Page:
Living the Dream
Dances with Gila Trout
A short story by Nate Wiese, Project Leader at Mora NFH.
The Uvalde National Fish Hatchery is located near Uvalde, TX, approximately 90 miles southwest of San Antonio, TX, and is situated on 100 acres of former mesquite grasslands. Visitors are always welcome at the hatchery and may participate in a guided or unguided tour of the facilities. Stop by our Visitor Information page for Visitor Center hours, area map, trail map, and directions to the hatchery.
The facilities at the hatchery include 50 ponds, a newly completed intensive culturing facility and a high tech water supply system. The two-acre wildlife pond located across from the Visitor Center features a walking path with several points for bird watching and wildlife observation. The hatchery also features an Outdoor Classroom as part of its Environmental Education program.
Establishment of the hatchery originated from a 100 acre land donation by the County of Uvalde in 1935. This donation came shortly after the Fish and Wildlife Coordination Act of 1934 which allowed for the acceptance of land donations to be used for the protection, rearing, stocking, and increase of game supply. Construction began on October 1, 1935 under a Works Progress Administration (WPA) program, and was mostly complete in 1937, with commencement of operations beginning in 1938.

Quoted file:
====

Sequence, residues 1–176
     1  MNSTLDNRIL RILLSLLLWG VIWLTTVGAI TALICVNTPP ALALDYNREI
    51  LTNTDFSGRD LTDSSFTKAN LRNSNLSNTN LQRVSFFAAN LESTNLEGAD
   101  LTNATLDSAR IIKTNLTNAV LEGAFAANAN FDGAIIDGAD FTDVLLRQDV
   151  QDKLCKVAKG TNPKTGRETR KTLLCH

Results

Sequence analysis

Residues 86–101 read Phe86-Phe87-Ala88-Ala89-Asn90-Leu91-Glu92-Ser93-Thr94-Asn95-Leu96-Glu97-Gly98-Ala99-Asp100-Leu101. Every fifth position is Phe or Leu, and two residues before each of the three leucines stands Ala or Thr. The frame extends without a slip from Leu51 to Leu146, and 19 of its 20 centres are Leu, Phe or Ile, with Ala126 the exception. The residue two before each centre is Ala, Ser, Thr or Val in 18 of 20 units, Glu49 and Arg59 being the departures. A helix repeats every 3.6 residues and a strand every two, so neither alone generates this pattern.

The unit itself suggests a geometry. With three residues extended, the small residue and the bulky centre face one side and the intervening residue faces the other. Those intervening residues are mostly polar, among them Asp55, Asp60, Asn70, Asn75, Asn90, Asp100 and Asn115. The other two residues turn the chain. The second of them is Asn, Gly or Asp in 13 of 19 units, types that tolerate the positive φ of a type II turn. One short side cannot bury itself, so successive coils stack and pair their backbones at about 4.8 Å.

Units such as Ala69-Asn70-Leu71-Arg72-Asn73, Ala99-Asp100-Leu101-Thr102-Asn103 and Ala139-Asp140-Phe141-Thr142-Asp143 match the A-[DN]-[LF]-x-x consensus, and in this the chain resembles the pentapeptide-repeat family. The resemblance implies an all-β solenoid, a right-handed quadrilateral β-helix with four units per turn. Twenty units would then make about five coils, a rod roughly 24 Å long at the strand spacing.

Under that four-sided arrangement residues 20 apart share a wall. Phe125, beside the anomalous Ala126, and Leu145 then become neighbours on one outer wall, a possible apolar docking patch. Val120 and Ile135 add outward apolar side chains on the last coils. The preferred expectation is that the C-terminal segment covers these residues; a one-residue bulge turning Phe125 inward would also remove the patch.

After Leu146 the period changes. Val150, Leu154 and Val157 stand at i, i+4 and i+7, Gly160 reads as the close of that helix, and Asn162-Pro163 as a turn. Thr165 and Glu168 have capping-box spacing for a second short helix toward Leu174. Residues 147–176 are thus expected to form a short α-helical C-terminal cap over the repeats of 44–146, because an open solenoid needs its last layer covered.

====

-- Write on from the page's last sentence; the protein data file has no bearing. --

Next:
Originally, the hatchery was operated by the U.S. Department of Interior’s Bureau of Sport Fisheries and Wildlife. The original mission included the stocking of ranch ponds in southern Texas, as well as large reservoirs in New Mexico, Arizona, Oklahoma, and Kansas. Species raised at that time included largemouth bass, sunfish, and channel catfish. The station has also operated as the Uvalde Fish Cultural Station under the U.S. Department of Commerce. Historically, the hatchery has reared Florida-strain largemouth bass, Guadalupe bass, striped bass, paddle fish, Yaqui catfish, blue catfish, northern pike, walleye, Tilapia, and gar.
With the passing of the Endangered Species Act of 1973 the hatchery’s mission expanded towards restoration and mitigation stockings. Today the hatchery is operated by the U.S. Fish and Wildlife Service and focuses on propagation efforts to promote the recovery and or restoration of threatened and endangered species. Currently, the hatchery works with five threatened or endangered species and raises channel catfish for recreational fishing.
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